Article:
Monstrous Protagonists: Victorian Fears Related to “Cultural Guilt”

Dracula as a novel seems to be about eradicating the evil influences of vampirism (and vampires’ representation of foreignness) from Victorian society. However, in questioning who is evil in our text, Bram Stoker paints Victorians themselves as monstrous, calling attention to widespread cultural guilt resulting from imperialism. The monstrous and yet contrite nature of Victorianism is perhaps best captured by Stoker’s portrayal of Dracula’s death (401).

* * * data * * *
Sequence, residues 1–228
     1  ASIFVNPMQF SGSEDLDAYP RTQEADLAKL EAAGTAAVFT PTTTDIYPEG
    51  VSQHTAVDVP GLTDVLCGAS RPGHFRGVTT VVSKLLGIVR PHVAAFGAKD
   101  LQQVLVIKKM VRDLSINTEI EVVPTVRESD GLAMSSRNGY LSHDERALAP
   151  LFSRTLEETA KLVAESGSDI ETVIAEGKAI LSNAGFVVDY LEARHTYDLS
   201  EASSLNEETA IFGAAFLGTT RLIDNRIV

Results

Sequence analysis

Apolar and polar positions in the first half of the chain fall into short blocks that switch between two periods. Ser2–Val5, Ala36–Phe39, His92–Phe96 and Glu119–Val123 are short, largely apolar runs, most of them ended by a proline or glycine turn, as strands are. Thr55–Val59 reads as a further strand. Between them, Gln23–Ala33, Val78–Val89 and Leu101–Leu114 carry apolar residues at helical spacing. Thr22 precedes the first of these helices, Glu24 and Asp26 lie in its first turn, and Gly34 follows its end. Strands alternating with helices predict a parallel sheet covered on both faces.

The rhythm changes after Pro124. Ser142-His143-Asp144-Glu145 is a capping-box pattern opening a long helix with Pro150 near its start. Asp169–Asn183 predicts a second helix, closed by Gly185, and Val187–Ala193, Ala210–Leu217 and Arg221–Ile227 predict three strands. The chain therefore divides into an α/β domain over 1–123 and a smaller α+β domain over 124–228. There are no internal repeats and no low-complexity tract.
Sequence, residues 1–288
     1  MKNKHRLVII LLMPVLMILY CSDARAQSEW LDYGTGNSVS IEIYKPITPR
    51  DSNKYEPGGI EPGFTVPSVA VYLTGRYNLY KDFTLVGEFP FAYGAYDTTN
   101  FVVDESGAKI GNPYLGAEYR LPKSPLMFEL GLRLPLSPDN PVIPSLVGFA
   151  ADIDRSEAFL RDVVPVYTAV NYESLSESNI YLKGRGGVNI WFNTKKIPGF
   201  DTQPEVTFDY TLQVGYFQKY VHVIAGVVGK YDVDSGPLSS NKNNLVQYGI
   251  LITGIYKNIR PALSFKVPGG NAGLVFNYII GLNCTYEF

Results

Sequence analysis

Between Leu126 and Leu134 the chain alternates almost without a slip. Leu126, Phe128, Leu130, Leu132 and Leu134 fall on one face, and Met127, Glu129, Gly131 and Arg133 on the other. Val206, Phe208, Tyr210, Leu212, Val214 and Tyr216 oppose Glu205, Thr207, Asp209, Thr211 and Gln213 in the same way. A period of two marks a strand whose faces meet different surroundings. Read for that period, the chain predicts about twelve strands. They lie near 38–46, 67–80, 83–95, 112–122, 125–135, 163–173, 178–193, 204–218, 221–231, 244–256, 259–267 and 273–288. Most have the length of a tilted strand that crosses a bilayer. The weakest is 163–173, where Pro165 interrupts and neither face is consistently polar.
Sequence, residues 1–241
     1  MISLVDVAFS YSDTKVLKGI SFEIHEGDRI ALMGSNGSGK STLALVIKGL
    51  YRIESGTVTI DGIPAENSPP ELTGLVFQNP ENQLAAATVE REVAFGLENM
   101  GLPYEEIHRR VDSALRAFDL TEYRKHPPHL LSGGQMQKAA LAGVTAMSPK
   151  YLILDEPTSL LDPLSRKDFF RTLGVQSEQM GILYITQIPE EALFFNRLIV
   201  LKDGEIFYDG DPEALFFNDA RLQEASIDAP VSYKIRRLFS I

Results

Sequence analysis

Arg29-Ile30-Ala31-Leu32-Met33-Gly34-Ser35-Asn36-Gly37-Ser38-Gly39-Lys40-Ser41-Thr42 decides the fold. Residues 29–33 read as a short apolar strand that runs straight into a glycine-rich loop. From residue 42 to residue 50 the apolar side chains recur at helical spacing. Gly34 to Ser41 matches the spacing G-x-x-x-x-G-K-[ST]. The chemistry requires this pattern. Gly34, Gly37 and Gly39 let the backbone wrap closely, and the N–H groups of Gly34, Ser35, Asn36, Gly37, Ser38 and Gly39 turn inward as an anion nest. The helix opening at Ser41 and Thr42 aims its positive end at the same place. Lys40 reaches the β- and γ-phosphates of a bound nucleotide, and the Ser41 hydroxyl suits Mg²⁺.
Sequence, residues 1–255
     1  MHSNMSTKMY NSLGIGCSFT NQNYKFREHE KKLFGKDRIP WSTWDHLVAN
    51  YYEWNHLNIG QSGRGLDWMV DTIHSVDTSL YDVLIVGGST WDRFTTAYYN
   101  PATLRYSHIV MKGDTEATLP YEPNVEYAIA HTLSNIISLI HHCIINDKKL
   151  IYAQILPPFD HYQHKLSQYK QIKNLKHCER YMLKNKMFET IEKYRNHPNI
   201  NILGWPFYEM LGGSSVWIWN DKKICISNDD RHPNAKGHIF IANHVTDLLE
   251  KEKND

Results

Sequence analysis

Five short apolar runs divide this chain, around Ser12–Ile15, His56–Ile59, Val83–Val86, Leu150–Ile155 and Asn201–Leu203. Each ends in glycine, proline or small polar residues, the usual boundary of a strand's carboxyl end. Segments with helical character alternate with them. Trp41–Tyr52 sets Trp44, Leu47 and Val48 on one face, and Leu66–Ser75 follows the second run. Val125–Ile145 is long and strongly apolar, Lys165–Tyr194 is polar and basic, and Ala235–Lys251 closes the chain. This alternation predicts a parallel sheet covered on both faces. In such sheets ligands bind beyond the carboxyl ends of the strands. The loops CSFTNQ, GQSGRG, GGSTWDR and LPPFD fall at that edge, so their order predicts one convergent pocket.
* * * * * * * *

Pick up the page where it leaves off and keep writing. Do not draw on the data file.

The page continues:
Throughout this scene, exceptionally violent actions and tumultuous surroundings lead up to the tranquil death of Dracula’s character. Opening this scene with the “level[ing] of weapons,” “the flashing [of] knives,” and the “howling of wolves” enables Stoker to build climactic tension (401). The resolution for this tension comes with Jonathan and Mr. Morris driving their knives into Dracula, who subsequently “crumbles” away (Stoker 401). Perhaps most significant to this scene is Mina’s narration, which reveals that Dracula had a “look of peace” upon his “face,” one which she “never could have imagined might have rested there” as he dissolved into the air (401). In considering Dracula as a foreign influence to be vanquished, one may interpret Stoker’s protagonists as crusaders. But the notion that Dracula needed to be at peace runs contrary to that theme and fits with the higher ethical standards of Victorian society. Stoker’s juxtaposition of these chaotic and serene depictions demonstrates the dual themes running through the novel.